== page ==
On July 6, 1998, Travessi wrote to the NYCCHR requesting to have her case reopened because the NYCCHR failed to interview relevant witnesses. (See Reply Decl. of Thomas Catalano, Esq., dated Mar. 4, 2005 ("Reply Decl."), Ex. A). In her letter, Travessi claimed that she was unable to pursue the matter earlier because she "had breast surgery and was feeling altogether weak." (Id.).

  In response, the NYCCHR contacted Saks' counsel, Frances Maloney, Esq., to determine Saks' position. By letter dated October 2, 1998, Ms. Maloney urged the NYCCHR to deny Ms. Travessi's request. (Reply Decl. Ex. A). In preparing that letter, Ms. Maloney apparently never spoke with anyone in Saks' Human Resources Department, relying instead exclusively upon the documents that Saks previously had filed in the NYCCHR case. (See Reply Decl. of Francis Green Maloney, Esq., dated Mar. 2, 2005, ¶¶ 3, 4).

  During the 1998 Christmas season, Travessi completed an application for seasonal employment with Saks, with the expectation that she would be kept on as a full-time employee after the Christmas season. (Travessi Aff. ¶ 12). A few days later, a Saks representative telephoned Travessi, stating that there were "plenty of" positions available. (Id. ¶¶ 13, 14). Indeed, the representative told Travessi "please Nerry, hurry up. We need you. You have priority over other applicants because you worked with us before. With your experience it would be great. We give priority to people who worked for us before." (Id. ¶ 14).

  The representative also scheduled an interview with Travessi. (Id. ¶ 13). At the ensuing interview, the Saks representative received a telephone call, during which she said to the caller, in substance, "[C]omplaint? Why would she file a complaint against me? I just met her.'" Thereafter, the Saks representative advised Travessi that there had been a "mistake," and that were no available positions after all. (Id. ¶¶ 16, 17, 18).*fn1 Although Travessi's form complaint alleges "national origin retaliation," (Compl. ¶ 7), the gravamen of her allegations appears to be that Saks refused to hire her in 1998 in retaliation for a complaint that she had filed against Saks eleven years earlier. (See Travessi Aff. ¶ 27). Travessi also contends that Saks retaliated against her by giving other potential employers untrue, negative references, thereby preventing her from working anywhere else. (See id.). She has provided no details, however, to substantiate this claim.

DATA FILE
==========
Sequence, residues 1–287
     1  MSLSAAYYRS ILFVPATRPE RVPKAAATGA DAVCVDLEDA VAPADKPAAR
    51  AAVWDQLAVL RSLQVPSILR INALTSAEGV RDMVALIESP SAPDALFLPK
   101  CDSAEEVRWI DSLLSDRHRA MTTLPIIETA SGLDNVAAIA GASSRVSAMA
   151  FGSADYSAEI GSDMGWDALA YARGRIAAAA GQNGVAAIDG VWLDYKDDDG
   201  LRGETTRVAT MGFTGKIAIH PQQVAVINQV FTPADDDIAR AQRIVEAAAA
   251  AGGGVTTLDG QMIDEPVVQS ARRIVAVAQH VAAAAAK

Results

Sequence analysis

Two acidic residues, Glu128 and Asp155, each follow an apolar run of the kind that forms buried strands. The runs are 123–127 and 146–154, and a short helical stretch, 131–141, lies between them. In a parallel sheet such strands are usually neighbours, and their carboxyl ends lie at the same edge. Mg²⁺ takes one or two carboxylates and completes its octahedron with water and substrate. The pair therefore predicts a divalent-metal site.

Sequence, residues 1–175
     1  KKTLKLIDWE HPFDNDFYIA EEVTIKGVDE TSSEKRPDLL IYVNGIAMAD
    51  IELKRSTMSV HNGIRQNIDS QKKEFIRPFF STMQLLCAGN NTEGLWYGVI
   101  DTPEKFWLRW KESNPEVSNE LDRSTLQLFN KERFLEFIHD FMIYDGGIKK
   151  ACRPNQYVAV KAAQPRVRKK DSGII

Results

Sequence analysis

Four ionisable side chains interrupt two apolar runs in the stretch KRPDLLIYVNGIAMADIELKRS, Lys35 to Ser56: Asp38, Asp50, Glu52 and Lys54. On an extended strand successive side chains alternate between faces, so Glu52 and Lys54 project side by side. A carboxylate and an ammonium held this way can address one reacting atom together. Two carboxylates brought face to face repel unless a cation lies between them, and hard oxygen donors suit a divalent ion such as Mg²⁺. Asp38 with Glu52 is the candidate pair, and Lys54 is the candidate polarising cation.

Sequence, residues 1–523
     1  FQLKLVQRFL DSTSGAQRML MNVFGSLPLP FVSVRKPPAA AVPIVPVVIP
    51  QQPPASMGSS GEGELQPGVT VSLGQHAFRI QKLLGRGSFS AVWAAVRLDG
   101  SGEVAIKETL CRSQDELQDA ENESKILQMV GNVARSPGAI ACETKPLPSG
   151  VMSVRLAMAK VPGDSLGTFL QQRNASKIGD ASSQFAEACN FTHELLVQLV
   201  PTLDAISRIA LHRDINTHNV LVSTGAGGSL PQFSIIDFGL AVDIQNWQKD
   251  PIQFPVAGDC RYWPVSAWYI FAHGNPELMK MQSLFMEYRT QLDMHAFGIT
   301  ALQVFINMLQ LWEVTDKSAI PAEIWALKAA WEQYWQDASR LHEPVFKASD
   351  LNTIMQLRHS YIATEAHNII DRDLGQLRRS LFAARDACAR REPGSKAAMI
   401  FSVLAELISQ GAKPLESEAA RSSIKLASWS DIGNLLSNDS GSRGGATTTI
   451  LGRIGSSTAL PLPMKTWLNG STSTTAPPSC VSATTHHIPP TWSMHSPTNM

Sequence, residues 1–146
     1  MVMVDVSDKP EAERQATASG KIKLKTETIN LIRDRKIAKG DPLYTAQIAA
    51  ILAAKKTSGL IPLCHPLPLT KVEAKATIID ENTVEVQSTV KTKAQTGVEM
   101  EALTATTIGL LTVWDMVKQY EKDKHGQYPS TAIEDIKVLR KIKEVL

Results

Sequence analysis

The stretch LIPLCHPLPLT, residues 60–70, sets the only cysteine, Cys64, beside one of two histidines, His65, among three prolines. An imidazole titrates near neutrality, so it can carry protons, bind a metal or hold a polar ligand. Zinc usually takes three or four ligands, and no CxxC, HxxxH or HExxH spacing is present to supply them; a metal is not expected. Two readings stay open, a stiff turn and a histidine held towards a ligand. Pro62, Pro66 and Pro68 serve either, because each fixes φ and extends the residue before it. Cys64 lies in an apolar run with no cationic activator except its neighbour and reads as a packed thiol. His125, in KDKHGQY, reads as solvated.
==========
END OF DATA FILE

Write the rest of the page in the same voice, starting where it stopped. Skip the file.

B. Procedural History

  On February 17, 1999, Travessi made a dual filing of her verified complaint with the NYCCHR and the federal Equal Employment Opportunity Commission ("EEOC"), claiming that Saks had unlawfully retaliated against her. (Catalano Decl. Ex. I). As noted in my earlier Report & Recommendation in this case, the NYCCHR dismissed Travessi's complaint for lack of probable cause on December 21, 1999. (See Docket No. 16 (Report and Rec. dated June 30, 2004) at 3). Thereafter, on April 27, 2000, the NYCCHR reaffirmed that decision. (Id.). On August 11, 2000, the EEOC issued Travessi a right-to-sue letter. (Id.).

  Thereafter, Travessi's complaint in this action was timely filed with the Pro Se Office on November 27, 2000. (See Docket No. 2). Following the close of discovery regarding liability, Saks filed its motion for summary judgment on January 24 (see Docket Nos. 31-33); Travessi filed her opposing papers on February 24 (Docket No. 34); and Saks filed its reply ...